10 Tracks You Have To Hear This Week (15/09/2012)
Bat For Lashes, The Black Keys, Kanye West
Bat For Lashes - 'Marilyn'
From David Bowie to Jay-Z, Grinderman to Nicki Minaj, Distillers to Def Leppard, the list of artists who have written about Marilyn Monroe is long and diverse. Bat For Lashes is the latest addition. The fear? Writing songs about the world’s most famous blonde is now hackneyed, dull or, worse, as hammy as that Brit-film My Week With Marilyn. But don’t panic: this is much richer than a simple eulogy. The lyrics follow Natasha Khan’s personal transformation, as she wistfully sings “play the part”. She’s “turning into Marilyn” and asks the actress to give up a bit of her classy noir-ish allure. Translation: Natasha’s ditched the pendants, dream-catchers and glittery slap for something more mature. Upcoming album ‘The Haunted Man’, she seems to say, is more complicated than the “token mysticism” (as she’s called it) of 2009’s ‘Two Suns’. Musically, things are more sophisticated too. There are THREE different drumbeats, and strings mix with frantic beeps. Celestial backing vocals, yoo-hoos and echoing howls bolster the starry subject matter. Sometimes, it’s not a good thing when an artist loses their rawness, grows up and starts focusing on songwriting as a ‘craft’. Here, though, it’s clear the evolution of her simple, soulful writing is the focus, without all the shamanic paraphernalia of the past.
Fidlar - 'Cheap Beer'
This LA lot embody the art of kicking back, especially with this new single and a chorus that’s just “I! DRINK! CHEAP! BEER! SO! WHAT! FUCK! YOU!” over a killer guitar chug. The debut LP is due in early 2013. Expect it to be light on social commentary, high on PARTY.
The Black Keys - 'Little Black Submarines'
This ‘El Camino’ cracker has just been given the steamy, Nashville speakeasy-set video treatment by legendary rock snapper Danny Clinch. With an arena tour set for this December, this is the only way you’ll ever get to see blues brothers Dan’n’Pat play a venue this tiny, so embrace it.
Disclosure - 'Latch Master'
Radar favourites Howard and Guy Lawrence’s new cut sounds, bizarrely, like Will Young guesting on a sparkly, radio-friendly Chicago house tune for 80 seconds or so. Then it takes a turn for the weird, and flits back and forth between these two vibes until the end. Somehow straddles being spectacularly cheesy and amazingly danceable.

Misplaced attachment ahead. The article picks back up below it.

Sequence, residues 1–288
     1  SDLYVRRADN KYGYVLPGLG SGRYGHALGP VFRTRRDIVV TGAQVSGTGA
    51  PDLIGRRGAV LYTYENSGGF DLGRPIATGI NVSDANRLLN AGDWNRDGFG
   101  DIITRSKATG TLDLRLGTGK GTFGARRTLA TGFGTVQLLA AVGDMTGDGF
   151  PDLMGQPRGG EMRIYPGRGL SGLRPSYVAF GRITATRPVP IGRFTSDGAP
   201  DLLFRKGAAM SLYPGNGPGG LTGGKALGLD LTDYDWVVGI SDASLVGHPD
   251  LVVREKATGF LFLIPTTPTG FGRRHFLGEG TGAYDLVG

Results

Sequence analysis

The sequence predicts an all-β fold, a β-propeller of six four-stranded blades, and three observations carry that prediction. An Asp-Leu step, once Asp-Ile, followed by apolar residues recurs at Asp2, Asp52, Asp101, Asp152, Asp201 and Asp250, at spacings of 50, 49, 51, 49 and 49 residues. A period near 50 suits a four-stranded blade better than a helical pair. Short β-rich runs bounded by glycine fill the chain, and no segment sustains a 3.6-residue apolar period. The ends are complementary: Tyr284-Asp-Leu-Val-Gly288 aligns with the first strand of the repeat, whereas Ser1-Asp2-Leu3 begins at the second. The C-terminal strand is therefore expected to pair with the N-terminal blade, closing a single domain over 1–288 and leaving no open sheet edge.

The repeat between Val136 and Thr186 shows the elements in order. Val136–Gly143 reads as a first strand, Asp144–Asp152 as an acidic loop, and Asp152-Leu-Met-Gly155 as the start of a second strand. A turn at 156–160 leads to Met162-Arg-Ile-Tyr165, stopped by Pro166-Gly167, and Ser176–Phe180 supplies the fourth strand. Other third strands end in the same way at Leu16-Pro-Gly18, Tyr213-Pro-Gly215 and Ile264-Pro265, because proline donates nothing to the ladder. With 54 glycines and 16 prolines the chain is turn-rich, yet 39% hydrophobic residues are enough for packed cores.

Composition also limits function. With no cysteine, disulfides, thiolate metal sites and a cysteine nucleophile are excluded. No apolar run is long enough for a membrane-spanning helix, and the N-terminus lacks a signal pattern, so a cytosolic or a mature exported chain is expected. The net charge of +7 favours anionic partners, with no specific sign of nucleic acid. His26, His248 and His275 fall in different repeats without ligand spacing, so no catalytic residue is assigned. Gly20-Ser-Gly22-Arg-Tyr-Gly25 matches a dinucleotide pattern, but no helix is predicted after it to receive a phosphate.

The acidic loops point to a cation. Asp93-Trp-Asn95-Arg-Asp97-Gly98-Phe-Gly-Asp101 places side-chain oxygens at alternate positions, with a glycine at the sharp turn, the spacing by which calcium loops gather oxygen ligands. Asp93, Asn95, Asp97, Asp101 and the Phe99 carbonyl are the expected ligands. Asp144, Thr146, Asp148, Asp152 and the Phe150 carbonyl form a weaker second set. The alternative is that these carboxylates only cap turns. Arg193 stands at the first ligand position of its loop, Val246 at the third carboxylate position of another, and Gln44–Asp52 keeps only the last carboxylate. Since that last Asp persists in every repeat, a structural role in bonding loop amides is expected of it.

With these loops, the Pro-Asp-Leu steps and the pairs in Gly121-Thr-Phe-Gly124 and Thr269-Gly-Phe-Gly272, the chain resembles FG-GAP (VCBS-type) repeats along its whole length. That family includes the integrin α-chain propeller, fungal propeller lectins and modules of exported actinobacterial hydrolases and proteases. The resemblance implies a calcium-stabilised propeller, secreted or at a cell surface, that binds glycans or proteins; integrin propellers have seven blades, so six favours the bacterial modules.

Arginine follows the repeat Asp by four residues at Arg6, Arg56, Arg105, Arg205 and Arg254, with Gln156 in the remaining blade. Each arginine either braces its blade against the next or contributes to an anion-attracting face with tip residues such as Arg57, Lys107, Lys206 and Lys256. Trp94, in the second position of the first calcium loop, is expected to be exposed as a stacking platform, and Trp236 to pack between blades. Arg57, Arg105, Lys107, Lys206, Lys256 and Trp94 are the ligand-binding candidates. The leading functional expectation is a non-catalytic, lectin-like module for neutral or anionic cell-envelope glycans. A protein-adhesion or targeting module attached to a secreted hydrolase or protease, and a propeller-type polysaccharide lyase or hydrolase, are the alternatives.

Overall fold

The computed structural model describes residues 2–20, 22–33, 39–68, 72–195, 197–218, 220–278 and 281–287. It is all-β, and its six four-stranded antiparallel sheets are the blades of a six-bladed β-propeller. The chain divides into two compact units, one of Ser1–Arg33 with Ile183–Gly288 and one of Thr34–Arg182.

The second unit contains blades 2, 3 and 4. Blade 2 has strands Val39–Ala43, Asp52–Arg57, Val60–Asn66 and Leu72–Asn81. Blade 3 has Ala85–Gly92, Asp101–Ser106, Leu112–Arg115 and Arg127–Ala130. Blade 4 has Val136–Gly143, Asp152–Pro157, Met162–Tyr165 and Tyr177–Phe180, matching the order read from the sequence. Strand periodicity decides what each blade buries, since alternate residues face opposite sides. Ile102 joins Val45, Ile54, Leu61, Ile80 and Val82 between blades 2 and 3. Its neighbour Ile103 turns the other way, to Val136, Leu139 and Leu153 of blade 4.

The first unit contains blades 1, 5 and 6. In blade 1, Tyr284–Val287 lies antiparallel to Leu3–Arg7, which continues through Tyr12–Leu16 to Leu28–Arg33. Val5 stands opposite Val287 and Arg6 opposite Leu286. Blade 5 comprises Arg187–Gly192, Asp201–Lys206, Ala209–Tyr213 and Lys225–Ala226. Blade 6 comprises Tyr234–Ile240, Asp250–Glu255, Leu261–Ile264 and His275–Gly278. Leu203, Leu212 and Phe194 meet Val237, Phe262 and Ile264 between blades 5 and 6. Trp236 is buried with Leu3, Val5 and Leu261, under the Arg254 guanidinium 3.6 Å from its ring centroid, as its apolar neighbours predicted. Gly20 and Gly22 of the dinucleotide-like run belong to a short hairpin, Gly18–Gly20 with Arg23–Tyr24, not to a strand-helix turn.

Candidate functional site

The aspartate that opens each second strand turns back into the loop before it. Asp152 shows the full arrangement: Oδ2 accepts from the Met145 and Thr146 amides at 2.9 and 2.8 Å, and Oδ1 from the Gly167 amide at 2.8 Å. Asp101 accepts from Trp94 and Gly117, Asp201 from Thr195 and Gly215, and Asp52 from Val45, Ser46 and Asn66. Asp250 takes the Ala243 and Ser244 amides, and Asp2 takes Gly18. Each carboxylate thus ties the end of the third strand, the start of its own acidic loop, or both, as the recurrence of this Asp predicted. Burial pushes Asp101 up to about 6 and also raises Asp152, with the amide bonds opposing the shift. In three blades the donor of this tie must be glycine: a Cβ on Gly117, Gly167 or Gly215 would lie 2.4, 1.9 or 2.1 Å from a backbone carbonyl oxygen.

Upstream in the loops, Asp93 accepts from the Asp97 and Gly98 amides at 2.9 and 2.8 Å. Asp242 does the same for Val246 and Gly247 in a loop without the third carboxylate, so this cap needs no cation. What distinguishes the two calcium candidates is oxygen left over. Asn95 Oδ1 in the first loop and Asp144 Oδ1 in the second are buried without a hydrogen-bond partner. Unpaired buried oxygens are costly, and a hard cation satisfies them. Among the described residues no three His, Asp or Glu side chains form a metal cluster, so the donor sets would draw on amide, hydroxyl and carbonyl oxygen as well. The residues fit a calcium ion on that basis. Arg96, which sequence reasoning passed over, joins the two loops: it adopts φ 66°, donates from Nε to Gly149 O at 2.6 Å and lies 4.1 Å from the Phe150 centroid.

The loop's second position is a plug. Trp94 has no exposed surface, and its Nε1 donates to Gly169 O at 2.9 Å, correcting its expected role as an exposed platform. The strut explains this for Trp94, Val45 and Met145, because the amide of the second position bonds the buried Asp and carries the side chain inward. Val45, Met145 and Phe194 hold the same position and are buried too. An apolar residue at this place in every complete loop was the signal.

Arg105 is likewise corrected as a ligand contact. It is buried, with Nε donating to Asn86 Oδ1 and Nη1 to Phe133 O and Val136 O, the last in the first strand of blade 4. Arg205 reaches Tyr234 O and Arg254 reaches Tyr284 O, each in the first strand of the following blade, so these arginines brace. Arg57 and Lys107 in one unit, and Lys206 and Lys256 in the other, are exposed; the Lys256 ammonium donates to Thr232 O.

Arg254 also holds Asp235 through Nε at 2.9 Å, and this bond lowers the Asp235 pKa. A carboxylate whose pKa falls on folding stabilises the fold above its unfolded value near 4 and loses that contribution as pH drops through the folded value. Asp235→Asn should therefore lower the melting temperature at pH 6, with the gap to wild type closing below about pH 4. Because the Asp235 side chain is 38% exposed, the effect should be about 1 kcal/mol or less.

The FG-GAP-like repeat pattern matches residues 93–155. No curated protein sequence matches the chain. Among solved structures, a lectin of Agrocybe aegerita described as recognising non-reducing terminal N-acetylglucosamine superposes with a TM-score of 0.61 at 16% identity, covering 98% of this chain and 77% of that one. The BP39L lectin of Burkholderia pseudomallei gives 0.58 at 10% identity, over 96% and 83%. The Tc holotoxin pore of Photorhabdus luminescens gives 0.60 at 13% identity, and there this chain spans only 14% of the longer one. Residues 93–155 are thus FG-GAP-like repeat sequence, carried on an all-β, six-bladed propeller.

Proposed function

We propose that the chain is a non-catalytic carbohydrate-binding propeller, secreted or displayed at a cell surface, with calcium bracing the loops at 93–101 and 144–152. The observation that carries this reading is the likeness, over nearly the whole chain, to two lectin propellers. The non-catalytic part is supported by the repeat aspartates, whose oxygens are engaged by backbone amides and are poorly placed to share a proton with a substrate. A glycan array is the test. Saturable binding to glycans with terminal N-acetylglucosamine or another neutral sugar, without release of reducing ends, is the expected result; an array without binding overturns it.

Rachel Zeffira - 'Break The Spell'
Her from Cat’s Eyes’ first song, ‘The Deserters’, was a thing of majestic beauty. ‘Break The Spell’ pushes things forward: it sounds like orchestral gothica that’s been laced with post-punk disco moves courtesy of The Slits’ rhythm section.
Kanye West feat Jay-Z and Big Sean - 'Clique'
The first track from Kanye’s upcoming GOOD Music album, ‘Cruel Summer’ – and it’s good. Like, ‘Watch The Throne’ good. Things kick off with Ye’s new protégé Big Sean before Jay-Z barrels in with a typically bravura verse. But it’s Kanye who just keeps getting better, letting his egomania run rampant: “I’m way too black to burn from sun rays/So I just meditate at home in Pompeii/About about how I could build a new Rome in a day”.
Deptford Goth - 'Life After Defo'
Been dumped? Then find solace in the music of this south London sadface. These quivering electronics and thunderclap drums are for days spent wandering around feeling as lonely as a discarded Chicken Cottage wrapper, for sulking on buses, for staring morosely at couples who still enjoy the taste of each others’ tongues.
Paul Banks - 'The Base'
The world didn’t realise it needed a second solo album from the singer out of Interpol. The world clearly doesn’t know what’s good for it. This takes the same stylish goth template as his band, adds Hammond and jagged, funky guitar lines and comes out sounding like the awesome post-industrial disco at the end of the world. Smashing.
2:54 - 'Killer' (Adamski cover)
London’s surliest sisters do for Adamski’s ‘Killer’ what Christopher Nolan did for Batman: make it as dark as Satan’s stool sample. Unlike most 2:54 tracks, this one has a bit of texture, ending with a gloom-pop breakdown and a big, beaty drop. Wonder which one is the “solitary sister”?
To read all our reviews first - days before they appear online - check out NME magazine, on sale every Wednesday
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